Visual Studio Code editor now available as a web app

Visual Studio Code editor now available as a web app

Microsoft Visual Studio Code is one of the best code editors currently available. It’s completely free, can be extended with thousands of extensions, and works on all major desktop platforms. Even though it’s based on web technologies (it’s an Electron application), Visual Studio Code has never had a fully-functional version available in a web browser, until now.

Microsoft has rolled out a web-based version of Visual Studio Code, accessible at vscode.dev. It looks and feels exactly like the desktop application, with the ability to install extensions and sync your settings with a GitHub or Microsoft account login. You can log into a remote repository, or upload single files and download them when you’re done. If your browser supports the File System Access API (like the desktop versions of Chrome, Edge, and Opera), you can work with local folders on your device without any uploading or downloading.

“With the availability of vscode.dev,” the Visual Studio Code team said in the blog post, we begin to finally realize our original vision of building a development tool that can run fully serverless in the browser.” Importantly, this allows Visual Studio Code to run on iPads and Android tablets for the first time, or in environments where installing desktop software is limited or blocked (like corporate or educational environments). This also means you can run Visual Studio Code on Chromebooks without enabling Linux app support, or older Chromebooks that never received Linux support in the first place.

Even though this is an impressive port, Visual Studio Code on the web has a few limitations. Most extensions don’t work right now, because they need to be updated to run as web extensions that don’t rely on Node.js code or local executables. Luna Paint Image Editor and GitHub Issue Notebooks are two examples of extensions that work in VS Code on the web. Microsoft has also integrated theme support, with easy testing using special URLs — for example, opening vscode.dev/theme/sdras.night-owl takes you to VS Code with the Night Owl theme installed.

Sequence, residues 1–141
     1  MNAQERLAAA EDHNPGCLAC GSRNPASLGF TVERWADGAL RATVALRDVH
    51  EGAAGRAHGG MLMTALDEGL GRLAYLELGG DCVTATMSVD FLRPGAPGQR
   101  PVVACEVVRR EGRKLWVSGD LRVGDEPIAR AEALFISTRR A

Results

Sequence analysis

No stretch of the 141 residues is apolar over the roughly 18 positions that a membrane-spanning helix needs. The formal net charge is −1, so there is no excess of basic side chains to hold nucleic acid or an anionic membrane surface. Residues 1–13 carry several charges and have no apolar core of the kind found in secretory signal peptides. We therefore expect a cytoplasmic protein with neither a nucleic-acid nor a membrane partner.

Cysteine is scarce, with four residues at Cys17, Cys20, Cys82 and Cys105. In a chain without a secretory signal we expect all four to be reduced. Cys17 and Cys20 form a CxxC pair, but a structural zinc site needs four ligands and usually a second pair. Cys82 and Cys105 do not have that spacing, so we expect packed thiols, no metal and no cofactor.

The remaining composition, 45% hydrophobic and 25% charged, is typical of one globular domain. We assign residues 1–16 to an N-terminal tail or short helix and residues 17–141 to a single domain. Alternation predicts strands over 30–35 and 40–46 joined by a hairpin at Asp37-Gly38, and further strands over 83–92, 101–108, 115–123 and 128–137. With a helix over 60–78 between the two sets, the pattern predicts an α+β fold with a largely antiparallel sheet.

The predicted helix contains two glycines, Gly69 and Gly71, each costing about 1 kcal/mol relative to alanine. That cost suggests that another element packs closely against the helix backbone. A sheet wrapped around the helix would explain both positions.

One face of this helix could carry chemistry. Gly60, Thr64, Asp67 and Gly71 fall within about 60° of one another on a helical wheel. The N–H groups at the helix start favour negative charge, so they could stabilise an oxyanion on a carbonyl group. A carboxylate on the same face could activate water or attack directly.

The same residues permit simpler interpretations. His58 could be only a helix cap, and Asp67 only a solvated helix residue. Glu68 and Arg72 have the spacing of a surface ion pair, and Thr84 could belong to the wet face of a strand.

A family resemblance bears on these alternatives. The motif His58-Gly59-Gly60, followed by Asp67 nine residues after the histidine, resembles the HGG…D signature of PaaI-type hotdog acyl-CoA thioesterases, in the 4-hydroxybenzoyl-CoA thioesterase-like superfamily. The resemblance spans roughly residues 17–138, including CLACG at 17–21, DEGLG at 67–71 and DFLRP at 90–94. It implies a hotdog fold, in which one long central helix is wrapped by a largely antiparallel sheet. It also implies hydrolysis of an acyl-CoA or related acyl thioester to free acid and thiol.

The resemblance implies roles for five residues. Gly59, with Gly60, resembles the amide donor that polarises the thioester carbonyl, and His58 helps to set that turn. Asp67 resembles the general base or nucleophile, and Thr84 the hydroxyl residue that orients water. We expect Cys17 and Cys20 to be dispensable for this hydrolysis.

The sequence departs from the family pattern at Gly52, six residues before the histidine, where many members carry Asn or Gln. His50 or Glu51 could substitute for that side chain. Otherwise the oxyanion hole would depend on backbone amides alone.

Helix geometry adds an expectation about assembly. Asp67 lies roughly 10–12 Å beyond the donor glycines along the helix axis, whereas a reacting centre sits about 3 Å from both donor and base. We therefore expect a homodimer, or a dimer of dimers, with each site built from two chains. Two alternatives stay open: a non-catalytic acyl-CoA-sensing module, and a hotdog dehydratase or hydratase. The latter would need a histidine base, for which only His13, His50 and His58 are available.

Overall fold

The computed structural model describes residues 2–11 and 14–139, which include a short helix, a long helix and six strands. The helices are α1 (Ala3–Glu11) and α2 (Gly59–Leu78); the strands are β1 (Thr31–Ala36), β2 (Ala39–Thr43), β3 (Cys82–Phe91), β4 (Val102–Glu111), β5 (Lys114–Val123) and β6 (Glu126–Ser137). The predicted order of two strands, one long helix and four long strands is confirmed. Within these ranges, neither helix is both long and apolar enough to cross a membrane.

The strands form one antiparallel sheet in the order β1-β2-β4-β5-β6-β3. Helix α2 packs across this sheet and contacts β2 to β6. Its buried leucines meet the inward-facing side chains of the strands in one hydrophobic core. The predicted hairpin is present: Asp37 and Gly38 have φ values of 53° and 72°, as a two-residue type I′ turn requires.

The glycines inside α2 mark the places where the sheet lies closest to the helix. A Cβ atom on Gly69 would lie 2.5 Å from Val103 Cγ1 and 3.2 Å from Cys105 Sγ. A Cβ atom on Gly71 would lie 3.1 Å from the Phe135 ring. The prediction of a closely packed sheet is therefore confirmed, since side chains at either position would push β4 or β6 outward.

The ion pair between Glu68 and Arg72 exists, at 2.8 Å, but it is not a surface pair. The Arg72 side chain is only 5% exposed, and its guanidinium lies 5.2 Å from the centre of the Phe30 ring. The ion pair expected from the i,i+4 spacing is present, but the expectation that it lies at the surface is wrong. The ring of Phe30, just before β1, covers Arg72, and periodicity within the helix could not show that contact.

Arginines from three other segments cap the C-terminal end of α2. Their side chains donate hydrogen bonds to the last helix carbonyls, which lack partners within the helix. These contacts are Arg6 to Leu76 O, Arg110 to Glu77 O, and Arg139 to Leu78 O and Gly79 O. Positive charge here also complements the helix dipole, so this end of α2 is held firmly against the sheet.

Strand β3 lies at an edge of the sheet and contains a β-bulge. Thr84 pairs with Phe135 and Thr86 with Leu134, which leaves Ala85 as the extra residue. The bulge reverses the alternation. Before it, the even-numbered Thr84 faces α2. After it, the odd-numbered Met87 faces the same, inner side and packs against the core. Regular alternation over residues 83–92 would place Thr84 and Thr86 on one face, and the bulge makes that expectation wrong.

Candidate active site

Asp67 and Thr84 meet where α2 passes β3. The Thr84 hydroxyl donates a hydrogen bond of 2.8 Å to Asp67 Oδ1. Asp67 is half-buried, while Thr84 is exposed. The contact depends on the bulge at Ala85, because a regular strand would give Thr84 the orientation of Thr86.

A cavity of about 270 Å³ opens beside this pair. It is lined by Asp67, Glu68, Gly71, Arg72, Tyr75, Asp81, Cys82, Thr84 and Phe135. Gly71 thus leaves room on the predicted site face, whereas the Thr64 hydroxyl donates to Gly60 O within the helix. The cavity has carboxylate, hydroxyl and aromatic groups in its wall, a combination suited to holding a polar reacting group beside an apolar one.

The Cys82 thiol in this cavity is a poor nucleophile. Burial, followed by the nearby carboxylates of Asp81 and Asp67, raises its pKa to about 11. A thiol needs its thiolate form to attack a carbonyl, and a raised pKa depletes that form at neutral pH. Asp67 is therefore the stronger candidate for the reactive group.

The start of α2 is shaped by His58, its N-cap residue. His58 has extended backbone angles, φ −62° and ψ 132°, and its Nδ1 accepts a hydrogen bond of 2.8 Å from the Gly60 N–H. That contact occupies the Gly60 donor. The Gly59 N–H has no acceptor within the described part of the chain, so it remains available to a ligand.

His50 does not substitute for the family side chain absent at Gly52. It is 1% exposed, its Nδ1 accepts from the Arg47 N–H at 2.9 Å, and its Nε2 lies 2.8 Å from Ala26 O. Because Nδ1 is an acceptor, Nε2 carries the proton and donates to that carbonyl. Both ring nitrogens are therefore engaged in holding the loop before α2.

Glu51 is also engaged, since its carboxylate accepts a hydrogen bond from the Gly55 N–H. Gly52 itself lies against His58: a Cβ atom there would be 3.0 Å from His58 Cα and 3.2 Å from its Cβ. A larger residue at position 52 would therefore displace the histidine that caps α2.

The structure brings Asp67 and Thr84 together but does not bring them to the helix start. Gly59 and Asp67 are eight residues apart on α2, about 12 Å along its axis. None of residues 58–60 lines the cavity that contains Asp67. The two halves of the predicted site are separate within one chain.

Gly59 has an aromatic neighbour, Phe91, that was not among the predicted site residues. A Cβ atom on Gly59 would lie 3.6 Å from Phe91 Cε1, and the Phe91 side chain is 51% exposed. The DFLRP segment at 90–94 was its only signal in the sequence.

Microsoft is also planning more updates to VS Code on the web. “Bringing VS Code to the browser is the realization of the original vision for the product. It is also the start of a completely new one. An ephemeral editor that is available to anyone with a browser and an internet connection is the foundation for a future where we can truly edit anything from anywhere.”

About author

Corbin Davenport
Corbin Davenport

Corbin is a tech journalist and software developer based in Raleigh, North Carolina. He's also the host of the Tech Tales podcast, which explores the history of the technology industry. Follow him on Twitter at @corbindavenport.